Band, '37, '38, '39; Treasurer, '38 

Alpha Sigma Nu; Treasurer, '39 
Intramural Sports Board, '39 
Intramural Golf, '38, '39 
Basketball, '38, '39 
Soft Ball, '38, '39 

Touch Football, '38, '39 



THOMAS ENOCH SHARP, Jr. 

Bachelor of Science in Commerce 

Spring Hill High School; Spring Hill, Alabama 
Home: Spring Hill, Alabama 

Omicron Sigma, Sgt.-at-Arms, '37; 2nd Vice President, '38 
Boxing Team, '37 
The Azalean, '39 
Sodality, '36, '37 
Springhillian, 36 

Sanctuary Society, '36, '37 

Intramural Touch Football, '39 
Soft Ball, '38, '39 
Golf, '37, '38, '39 
Volley Ball, '39 



MORGAN JOSEPH STUDDERT 

Bachelor of Science in Commerce 

St. Thomas College; Houston, Texas 

Home: Houston, Texas 

Sodality, '38, '39; Secretary, '39 
Typical Springhillian, '39 
Most Obl ; ging Student, '39 

Sanctuary Society, '37, '38, '39 
The Azalean, '39 
Gas House Gang Mayor, '39 

Intramural Touch Football, '38, '39 
Basketball, '38, '39 
Volleyball, '39 
Soft Ball, '38, '39 



THOMAS FRANCIS SWEENEY 

Bachelor of Arts 

Spring Hill High School; Spring Hill, Alabama 
Home: Mobile, Alabama 

Yenni Dramatic Society, '36, '37 
Alpha Sigma Nu, President, '39 
Quarterly, '39 

Springhillian, '36, '37, '38, '39; Editor-in-Chief, '39 
O'Callaghan Medal, 37 
Phi Omega 

Poetry Society, '39 

Philomelic Academy, Vice-President, '39 
Student Council, '39 

Intramural Touch Football, '37, '38 
Soft Ball, '37, '38 
Boxing, '36 



FRANCIS HALL TALLY 

Bachelor of Arts 

St. Michael's High School; Pensacola, Florida 
Home: Pensacola, Florida 

Yenni Dramatic Society, '36, '37, '38. '39 
Sgt.-at-Arms, '37; President, '39 
Sodality, '36, '37, '38, '39 

Vice-President, '38; Prefect, '39 

Alpha Psi Omega, Secretary-Treasurer, '38, '39 
Sanctuary Society, '36, '37, '38, '39; President, '38 

Who's Who Among Students in American Colleges and 
Universities, '39 

Varsity Football, '37, '38, '39 
Alternate Captain, '39 

Basketball Team, '36, '37, '38 
Baseball Team, '37, '38, '39 

'S' Club, '37, '38, '39; Vice-President, '39 
Omicron Sigma, Secretary, '39 

Student Council, '38, '39; Secretary, '39 
Springhillian, '36, '37, '38, '39 





BERNARD MARTIN SIMMONS 

Bachelor of Philosophy 

State Normal High School, Daphne, Alabama 

State Teachers College, Daphne, Alabama 

Home: Foley, Alabama 



Varsity Football, '37, '38 
Basketball, '38 



WILLIAM DRUHAN WALSH 

Bachelor of Science in Commerce 

Spring Hill High School; Spring Hill, Alabama 
Horn©: Mobile, Alabama 

Sodality, '36, '37 
Omicron Sigma 

Intramural Soft Ball, '38 





CHARLES URBAN WINNOW 

Bachelor of Science in Commerce 

Murphy High School; Mobile, Alabama 
Home: Mobile, Alabama 



Sodality, '36, '37 

Omicron Sigma 

Intramural Soft Ball, '37, '38 
Touch Football, '37, '38 
Billiards, '38, '39 
Boxing, '36 



Joseph Collins, voted most popular 
student in Springhillian poll and elected 
winner of the Matt Rice service trophy 
in student vote, leads the Senior grand 
march with 




Miss Loraine Fowler, part time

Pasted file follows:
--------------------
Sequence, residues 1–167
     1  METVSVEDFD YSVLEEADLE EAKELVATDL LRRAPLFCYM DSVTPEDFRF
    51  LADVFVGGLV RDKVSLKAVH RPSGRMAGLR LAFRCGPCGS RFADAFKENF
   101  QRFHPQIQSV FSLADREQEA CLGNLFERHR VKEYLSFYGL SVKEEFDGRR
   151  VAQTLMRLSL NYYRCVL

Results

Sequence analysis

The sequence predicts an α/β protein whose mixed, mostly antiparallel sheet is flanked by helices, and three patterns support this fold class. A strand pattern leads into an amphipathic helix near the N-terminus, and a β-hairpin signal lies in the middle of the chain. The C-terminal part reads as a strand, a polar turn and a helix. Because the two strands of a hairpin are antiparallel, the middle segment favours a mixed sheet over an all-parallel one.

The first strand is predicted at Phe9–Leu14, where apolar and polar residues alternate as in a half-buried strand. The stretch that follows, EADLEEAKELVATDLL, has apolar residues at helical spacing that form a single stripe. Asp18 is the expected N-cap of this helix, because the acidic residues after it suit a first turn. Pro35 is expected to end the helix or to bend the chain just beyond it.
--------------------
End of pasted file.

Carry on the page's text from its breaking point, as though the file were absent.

student, who represented Spring Hill 
in the annual mid-winter football Sugar 
Bowl classic held in New Orleans. 




Miss Katherryn Hernan from Dallas, 
Texas. 



Cross bearer and guard of 
honor lead the academic pro- 
cession to baccalaureate serv- 
ices. . . . 





GRADUATION 

1938 



t ?*& "ww*! r| " lle procession passes 
beneath upper-level 
walk. . . . 



Seniors, in cap and gown, 
attend baccalaureate Mass. 



*#*' 



> 



If 
ft £\v 



1 ^ 

1, M 





HAROLD D. ALLEN 
Mobile, Ala. 



JOHN L. BACON 
San Antonio, Tex. 



EDWARD BALTHROP 
Mobile, Ala. 



ROBERT BORDELON 
Opelousas, La. 



JUNIORS 



PHILIP J. CAREY 
Chicago, 111. 



WILLIAM CATON 
Mobile, Ala. 



JOSEPH E. CRABTREE 
Mobile, Ala. 



WILLIAM R. DOERR 
Chicago, 111. 





RICHARD S. FLANAGAN 
Bangor, Me. 



JAMES R. FLAUTT, Jr. 
Swan Lake, Miss. 



THOMAS J. GEARY 
Mobile, Ala. 



GUS C. GEHR 
New Orleans, La. 



JUNIORS 



L.LIAM BRYANT GORDAY 
Mobile, Ala. 



AUTRY GREER 
Mobile;, Ala. 



FIELD V. GREMILLION 
PiiTEville, La. 



ROBERT F. HATCH 
Mobile. Ala. 





HHfc 





JAMES J. HENRY 
Columbus, Ga. 



JAMES G. HICKMAN, Jr. 
Vicksburg, Miss. 



EDWARD C. HOFFMAN 
New Orleans, La. 



ANTHONY J. HOSEMANN, Jr. 
Vicksburg, Miss. 



JUNIORS 



NATHAN C. LaFLEUR 
Opelousas, La. 



JOSEPH P. LANDRY 
Beaumont, Tex. 



JAMES J. LITTLEFIELD 
Faust, N. Y. 



BRANNON A. MERIWETHER 
Mobile, Ala. 





FRANCIS E. NEWBURN 
Mobile, Ala. 



FREDERICK W. OLIVER 
Pensacola, Fla. 



CHARLES PETERSON 
Mobile, Ala. 



JOHN RAMBEAU 
Mobile, Ala. 



JUNIORS 



SANY M. RAY, Jr. 


REDMOND J. REILLY 


HENRY C. ROBSON 


FRANCIS C. ROSSER 


Savannah, Ga. 


Charleston, S. C. 


Houston, Tex. 


Mobile, Ala. 





WILLIAM RUMPANOS 
Mobile, Ala. 



THOMAS W. SPARKMAN 
Birmingham. Ala. 



CHARLES F. THOMAS 
Aiken, S. C. 



JOHN P. TOOLE 

Montgomery, Ala. 



JUNIORS 



FRANCIS M. HATCHER 
Mobile, Ala. 



WILLIAM J. TOOLE 
Montgomery, Ala. 



MELVIN J. YOUNG, Jr. 
Mobile, Ala. 



RICHARD X. ZIMMERMANN 
Chicago, 111. 




OTHER MEMBERS of the JUNIOR CLASS 



Hugh L. Collins 
Brother Jules Daigle 
James E. Nichols 
Walter Nichols 
Woodrow Wilson 



In Memoriam 

FRANK W. BOYKIN, Jr., '40